Walking the section of the South West Coast Path between Praa Sands and Porthleven (16.6.2011) produced an unexpected treat. Many Cornish cliff top barrows are just low mounds or are lost in the vegetation, so we headed to Trewavas Cliff without any expectations, especially as I haven't found any mention of the barrow in any of the regional guidebooks I have.
As it turns out, it's a bit of a lost gem. Rather overwhelmed by summer grasses and clifftop vegetation, it boasts a clear chamber, with one very thick roofing cap still in place on its supporting side slabs and two other stones displaced either side. Almost like a Scillonian type entrance grave, but not shown as such. It's a wild and windswept spot, with views to The Lizard and back towards West Penwith. The low remains of an ancient Cornish granite hedge snake past to the tip of the headland, compounding the timeless feel of the location.
[Post-visit check of Pastscape suggests that an "official" visit would be beneficial, as only Glyn Daniel's 1950 notes bear any relation to what can be seen. One of the records from the 1910s suggests the barrow's stones have been broken up and thrown down leaving nothing to see!]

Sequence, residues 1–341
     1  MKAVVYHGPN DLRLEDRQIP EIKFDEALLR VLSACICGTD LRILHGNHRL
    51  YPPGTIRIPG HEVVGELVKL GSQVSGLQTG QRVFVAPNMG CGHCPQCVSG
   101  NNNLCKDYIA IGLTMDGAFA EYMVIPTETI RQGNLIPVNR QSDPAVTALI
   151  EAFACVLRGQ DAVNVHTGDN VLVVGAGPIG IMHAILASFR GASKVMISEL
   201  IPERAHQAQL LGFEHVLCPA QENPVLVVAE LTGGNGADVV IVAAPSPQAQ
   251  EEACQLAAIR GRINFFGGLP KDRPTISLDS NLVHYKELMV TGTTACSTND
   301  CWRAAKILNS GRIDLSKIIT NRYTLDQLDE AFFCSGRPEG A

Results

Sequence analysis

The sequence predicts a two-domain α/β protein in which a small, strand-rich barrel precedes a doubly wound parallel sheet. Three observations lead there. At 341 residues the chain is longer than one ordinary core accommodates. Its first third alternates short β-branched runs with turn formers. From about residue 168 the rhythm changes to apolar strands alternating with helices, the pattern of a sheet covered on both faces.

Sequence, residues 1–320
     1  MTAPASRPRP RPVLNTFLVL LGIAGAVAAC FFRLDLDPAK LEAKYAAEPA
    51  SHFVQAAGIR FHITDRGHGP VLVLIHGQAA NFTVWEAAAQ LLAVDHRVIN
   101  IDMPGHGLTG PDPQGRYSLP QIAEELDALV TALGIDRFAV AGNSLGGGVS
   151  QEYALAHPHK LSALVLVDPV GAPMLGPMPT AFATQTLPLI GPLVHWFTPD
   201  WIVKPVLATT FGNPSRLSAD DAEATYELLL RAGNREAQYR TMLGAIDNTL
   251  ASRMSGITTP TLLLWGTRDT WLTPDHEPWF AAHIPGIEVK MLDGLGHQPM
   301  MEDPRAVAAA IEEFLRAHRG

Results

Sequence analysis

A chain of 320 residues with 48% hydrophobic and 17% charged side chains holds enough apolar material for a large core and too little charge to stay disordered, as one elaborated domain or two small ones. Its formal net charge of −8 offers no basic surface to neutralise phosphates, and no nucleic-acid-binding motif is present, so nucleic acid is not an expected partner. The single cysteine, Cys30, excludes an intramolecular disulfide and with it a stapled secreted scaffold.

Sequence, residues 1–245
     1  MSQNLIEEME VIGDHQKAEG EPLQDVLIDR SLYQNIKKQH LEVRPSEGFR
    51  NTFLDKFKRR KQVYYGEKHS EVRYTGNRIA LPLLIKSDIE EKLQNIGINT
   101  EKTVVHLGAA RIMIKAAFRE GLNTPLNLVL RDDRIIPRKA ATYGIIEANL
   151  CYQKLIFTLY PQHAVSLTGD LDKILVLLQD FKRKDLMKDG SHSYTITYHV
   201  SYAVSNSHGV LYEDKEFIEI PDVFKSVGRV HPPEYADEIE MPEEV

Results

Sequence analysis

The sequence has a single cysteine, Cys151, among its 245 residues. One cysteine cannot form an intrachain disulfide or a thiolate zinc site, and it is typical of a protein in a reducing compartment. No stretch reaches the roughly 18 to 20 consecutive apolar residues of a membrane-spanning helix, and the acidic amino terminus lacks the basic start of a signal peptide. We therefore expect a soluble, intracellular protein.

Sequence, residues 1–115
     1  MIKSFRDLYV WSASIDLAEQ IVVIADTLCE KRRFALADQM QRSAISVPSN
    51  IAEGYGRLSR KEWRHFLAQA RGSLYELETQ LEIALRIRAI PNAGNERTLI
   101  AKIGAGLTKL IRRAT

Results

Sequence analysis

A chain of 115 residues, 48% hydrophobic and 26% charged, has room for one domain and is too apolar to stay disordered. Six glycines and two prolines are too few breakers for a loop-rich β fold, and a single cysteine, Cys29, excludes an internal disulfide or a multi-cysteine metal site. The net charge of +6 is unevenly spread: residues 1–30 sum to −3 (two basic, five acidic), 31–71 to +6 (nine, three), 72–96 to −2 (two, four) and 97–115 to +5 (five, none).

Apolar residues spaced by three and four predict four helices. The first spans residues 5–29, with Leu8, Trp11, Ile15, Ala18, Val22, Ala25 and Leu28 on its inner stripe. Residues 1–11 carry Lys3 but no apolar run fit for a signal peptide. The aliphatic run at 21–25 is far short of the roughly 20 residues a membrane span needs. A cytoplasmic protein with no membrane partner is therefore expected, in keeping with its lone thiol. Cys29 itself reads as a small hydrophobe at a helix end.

How the north side [of the chamber] was formed there is no evidence to shew. If a single slab stood there, it must have been removed when a pit was dug in front of it, some years ago, by a treasure-seeker. We have here again the old story, so often told in connexion with the destruction and plundering of ancient monumental structures. A miner in the neighbourhood had long set a covetous eye on the barrow as the storehouse of great riches; and one night he had so impressive a dream, bringing vividly before him a great crock of gold, that at dawn he proceeded to the mound, and dug the pit just referred to, exposing the kistvaen, into which he got full access; but what he found there, my informant, whom I accidentally met near the spot, and who knew the miner, could not tell; and as the explorer himself has since left Cornwall, there seems now to be but little chance of ascertaining what the cell contained, a state of things much to be regretted, as from its structure and peculiar position the barrow is of more than ordinary interest.
Description from the Inventory to Glyn Daniel's "The Prehistoric Chamber Tombs of England and Wales" (1950 Cambridge University Press) p240:
A round barrow 25ft in diameter with a depression in the centre revealing what is either a large cist or (more probably) a ruined entrance grave of Scilly type: the chamber is roofed with a megalith 4ft 6in by 4ft. (See J.T. Blight, AC, 1867, p.334.)